X: marked feathering observed and very indistinct lines

Comments on Table 1

As apparent from the results shown in Table 1, the pseudo-plastic water based inks for a ballpoint pen prepared in Examples 1 to 3 falling in the scope of the present invention provided good results on all of an ink viscosity, a viscosity change, time passed until starving is caused, writing feeling, ink followability, ink blobbing and feathering in the drawn lines as compared with those of the pseudo-plastic water based ink for a ballpoint pen prepared in Comparative Examples 1 to 6 falling outside the scope of the present invention. This makes it clear that the pseudo-plastic water based ink for a ballpoint pen of the present invention are apparently excellent.

TABLE 1
Example Comparative Example
1 2 3 1 2 3 4 5 6
(1) Ink viscosity 550 550 450 700 300 600 500 30 4500
(mPa · s)
(2) Viscosity change None None None A little rise None Rise Down None Rise
(3) Time until  28  21  21  28 days  28  14  14  60 One
starving days days days days days days days day
(4) Writing feeling Δ Δ X
(5) Ink followability Δ X
(6) Ink blobbing None None None None None None None Present None
(7) Feathering in X X
drawn lines

Industrial Applicability

According to the present invention, obtained is a pseudo-plastic water based ink for a ballpoint pen which has very good aging stability and is free of feathering and which has a vaporization-inhibiting effect and provides good writing feeling, and it can be applied to ballpoint pens having the same structure as that of a ballpoint pen using an oil based ink.

Patent Citations
Cited PatentFiling datePublication dateApplicantTitle
EP0999244A1Jul 30, 1998May 10, 2000Mitsubishi Pencil Kabushiki KaishaPseudoplastic water-base ball pen ink
JP38474199A Title not available
JPH0238474A Title not available
JPH0328279A Title not available
JPH09302299A Title not available
JPH10310734A Title not available
Non-Patent Citations
Reference
1 *English Translation of JP 02-038474, Jul. 1990.*
2European Search Report for EP9994060.9 dated Oct. 22, 2002.
Referenced by
Citing PatentFiling datePublication dateApplicantTitle
US6905539 *Jul 15, 2003Jun 14, 2005Sanford L.P.Water, dyes of diarylmethane, triarylmethane, methine, green, yellow, and blue and a slow evaporating solvent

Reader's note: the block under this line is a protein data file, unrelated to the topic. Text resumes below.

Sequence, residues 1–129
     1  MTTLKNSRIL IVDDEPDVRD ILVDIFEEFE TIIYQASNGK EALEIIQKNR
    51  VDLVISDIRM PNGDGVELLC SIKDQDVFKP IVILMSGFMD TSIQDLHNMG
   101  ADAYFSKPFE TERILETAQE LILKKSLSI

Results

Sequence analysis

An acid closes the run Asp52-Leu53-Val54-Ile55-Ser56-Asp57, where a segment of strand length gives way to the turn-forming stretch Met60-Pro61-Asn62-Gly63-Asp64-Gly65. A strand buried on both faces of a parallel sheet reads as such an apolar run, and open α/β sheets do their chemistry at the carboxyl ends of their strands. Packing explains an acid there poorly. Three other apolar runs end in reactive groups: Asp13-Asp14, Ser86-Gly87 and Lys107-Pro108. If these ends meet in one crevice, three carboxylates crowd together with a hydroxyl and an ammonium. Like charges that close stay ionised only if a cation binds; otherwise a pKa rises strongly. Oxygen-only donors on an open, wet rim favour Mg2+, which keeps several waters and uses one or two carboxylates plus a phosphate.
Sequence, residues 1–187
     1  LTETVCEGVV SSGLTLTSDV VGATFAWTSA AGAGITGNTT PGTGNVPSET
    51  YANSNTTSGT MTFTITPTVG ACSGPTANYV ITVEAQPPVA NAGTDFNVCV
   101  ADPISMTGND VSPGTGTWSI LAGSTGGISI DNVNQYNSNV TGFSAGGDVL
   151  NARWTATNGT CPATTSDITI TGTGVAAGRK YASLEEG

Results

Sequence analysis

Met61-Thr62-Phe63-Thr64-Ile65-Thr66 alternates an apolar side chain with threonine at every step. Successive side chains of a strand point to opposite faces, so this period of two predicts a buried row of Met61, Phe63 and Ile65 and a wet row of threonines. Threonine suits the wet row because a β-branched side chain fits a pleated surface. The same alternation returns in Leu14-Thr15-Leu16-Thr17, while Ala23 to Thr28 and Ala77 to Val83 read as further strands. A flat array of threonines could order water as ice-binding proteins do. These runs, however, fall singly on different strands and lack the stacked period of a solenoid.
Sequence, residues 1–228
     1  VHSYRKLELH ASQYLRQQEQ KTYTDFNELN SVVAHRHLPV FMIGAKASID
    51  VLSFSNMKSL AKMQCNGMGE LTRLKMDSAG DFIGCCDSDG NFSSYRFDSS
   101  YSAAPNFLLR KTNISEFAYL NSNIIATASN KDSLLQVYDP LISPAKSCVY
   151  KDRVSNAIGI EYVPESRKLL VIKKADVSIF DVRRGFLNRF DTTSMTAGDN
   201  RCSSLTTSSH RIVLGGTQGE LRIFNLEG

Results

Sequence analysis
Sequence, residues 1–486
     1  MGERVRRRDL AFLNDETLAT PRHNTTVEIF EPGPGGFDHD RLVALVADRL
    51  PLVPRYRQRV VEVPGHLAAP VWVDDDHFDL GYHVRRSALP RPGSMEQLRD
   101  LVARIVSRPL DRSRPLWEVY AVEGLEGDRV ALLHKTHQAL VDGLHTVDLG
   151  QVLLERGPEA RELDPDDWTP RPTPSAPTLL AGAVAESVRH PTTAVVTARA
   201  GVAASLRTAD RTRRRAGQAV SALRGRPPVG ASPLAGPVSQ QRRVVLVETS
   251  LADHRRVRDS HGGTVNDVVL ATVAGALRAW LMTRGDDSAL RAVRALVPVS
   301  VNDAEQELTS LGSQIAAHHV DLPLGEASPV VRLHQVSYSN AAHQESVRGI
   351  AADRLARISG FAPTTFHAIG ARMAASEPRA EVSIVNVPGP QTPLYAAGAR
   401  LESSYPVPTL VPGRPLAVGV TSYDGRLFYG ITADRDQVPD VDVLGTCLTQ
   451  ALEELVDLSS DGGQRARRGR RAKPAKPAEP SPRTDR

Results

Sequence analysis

US7083665Oct 7, 2003Aug 1, 2006Sanford, L.P.Highlightable marking composition, method of highlighting the same, highlightable marking composition kit, and highlighted marking composition complex
US7163575Jul 15, 2004Jan 16, 2007Sanford, L.P.Water-based, resin-free and solvent-free eradicable ball-pen inks
US7229487Jan 14, 2004Jun 12, 2007Sanford, L.P.A volatile base: a pH sensitive dye, e.g., o-cresolphthalein, thymolphthalein, and/or phenolphthalein; and an eradicating agent,wherein the dye changes color as the volatile base evaporates; may also contain sodium perborate or ethylenediaminetetraacetic acid as a stabilizer
US7241335 *Oct 25, 2004Jul 10, 2007Sakura Color Products CorporationAqueous ink for ball point pens
US7427318Oct 1, 2004Sep 23, 2008Sanford, L.P.Highlightable and highlighted mixtures, marking instruments, and methods of using the same
US7452146Jun 11, 2007Nov 18, 2008Sanford, L.P.Writing instruments with eradicable inks and eradicating fluids
US7488380May 11, 2006Feb 10, 2009Sanford, L.P.Highlighting marking compositions, highlighting kits, and highlighted complexes
US7704308Dec 21, 2004Apr 27, 2010Sanford, L.P.Method of highlighting with a reversible highlighting mixture, highlighting kit, and highlighted complex
US7799847 *Jan 24, 2006Sep 21, 2010Mitsubishi Pencil Co., Ltd.Water-based ink composition for writing instruments
US7812056 *Sep 28, 2004Oct 12, 2010The Nisshi OilliO Group, Ltd.Polycondensate esters from ditrimethylolpropane, polyvalent carboxylic acids, and fatty acids; improved dispersability, heat resistance, smell and color
Classifications
U.S. Classification106/31.35, 106/31.67
International ClassificationC09D11/18
Cooperative ClassificationC09D11/18
European ClassificationC09D11/18
Legal Events
DateCodeEventDescription
Feb 10, 2011FPAYFee payment
Year of fee payment: 8
Feb 2, 2007FPAYFee payment
Year of fee payment: 4
Jun 11, 2001ASAssignment
Owner name: MITSUBISHI PENCIL KABUSHIKI KAISHA, JAPAN
Free format text: ASSIGNMENT OF ASSIGNORS INTEREST;ASSIGNORS:MIYAMOTO, MASARU;MIYAZAKI, SHIGERU;TAKEUCHI, YOJI;REEL/FRAME:011935/0114
Effective date: 20010605
Owner name: MITSUBISHI PENCIL KABUSHIKI KAISHA 23-37, HIGASHI
Free format text: ASSIGNMENT OF ASSIGNORS INTEREST;ASSIGNORS:MIYAMOTO, MASARU /AR;REEL/FRAME:011935/0114